According to the United Nations, about 10 million Ukrainians – a quarter of its population – have fled their homes and are now displaced in the country, or 3.6 million of the refugees, they told the assembly, and 12 million need aid and 5.6 million are in need. Millions of children are unable to go to school.
South Korean ambassador Cho Hyun compared what Ukrainian children are experiencing to the plight of children in their own country during the Korean War in the 1950s. “It is the most urgent and collective responsibility of this organization to stop this horrific replica of the suffering of children in the 20th century.”
Albanian Ambassador Ferit Hoxha urged the countries of the world not to forget the responsibility of Russian President Vladimir Putin. “This is the war of a man who is in his own solitude, and who by his reckless actions has, in a matter of weeks, managed to create the greatest solitude and world isolation of his own country ever.”
But Russia has some supporters besides China, including Syrian ambassador Bassem Sabbagh, who said the assembly was once again seeing “exploitation of human rights issues to create a situation of polarization and politicization, the political interests of some.” used for the service.”
The draft reiterates the March 2 resolution’s demand for an immediate Russian ceasefire and it calls for protection for all civilians and the infrastructure essential to their survival.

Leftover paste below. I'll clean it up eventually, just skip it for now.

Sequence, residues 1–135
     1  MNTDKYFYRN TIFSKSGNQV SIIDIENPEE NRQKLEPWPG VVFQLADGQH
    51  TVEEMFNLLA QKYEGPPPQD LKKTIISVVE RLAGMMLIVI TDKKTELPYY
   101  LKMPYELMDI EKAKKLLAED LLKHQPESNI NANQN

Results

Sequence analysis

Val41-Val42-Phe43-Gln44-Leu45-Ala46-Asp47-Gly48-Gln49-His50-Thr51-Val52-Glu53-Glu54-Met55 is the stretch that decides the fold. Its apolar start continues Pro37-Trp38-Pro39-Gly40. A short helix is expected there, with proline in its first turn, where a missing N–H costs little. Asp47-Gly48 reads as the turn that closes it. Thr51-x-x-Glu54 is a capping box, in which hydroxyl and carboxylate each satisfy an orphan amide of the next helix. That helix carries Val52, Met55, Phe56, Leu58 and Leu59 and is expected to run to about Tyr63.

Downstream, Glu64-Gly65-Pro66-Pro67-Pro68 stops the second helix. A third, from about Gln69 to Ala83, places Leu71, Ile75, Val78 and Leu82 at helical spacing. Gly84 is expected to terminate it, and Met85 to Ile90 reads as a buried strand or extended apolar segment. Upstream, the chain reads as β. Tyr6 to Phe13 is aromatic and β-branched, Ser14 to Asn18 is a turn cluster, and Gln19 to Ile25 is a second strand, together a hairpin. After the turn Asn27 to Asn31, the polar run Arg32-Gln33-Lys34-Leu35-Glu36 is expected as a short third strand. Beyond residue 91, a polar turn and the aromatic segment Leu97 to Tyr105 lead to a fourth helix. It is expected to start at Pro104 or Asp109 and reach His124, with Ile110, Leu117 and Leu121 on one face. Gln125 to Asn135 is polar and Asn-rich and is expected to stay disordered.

The resolution condemns the “serious humanitarian consequences” of Russia’s aggression, which it says are “on a scale that the international community has not seen in Europe in decades.” It condemns Russia’s shelling, airstrikes and “siege” of densely populated cities, and calls for unhindered access to humanitarian aid.
The South African draft calls for an “immediate cessation of hostilities” as a first step in mitigating the humanitarian crisis and “encourages political dialogue, negotiations, mediation and other peaceful means aimed at achieving lasting peace.” There is no mention of Russian attack in this.
Russian officials say they did not start the war and have repeatedly and incorrectly decried reports of Russian military failures or civilian deaths in Ukraine as fake news. State media outlets and government officials insist that Russian troops only target military facilities.
Associated Press writer Jennifer Peltz contributed to this report.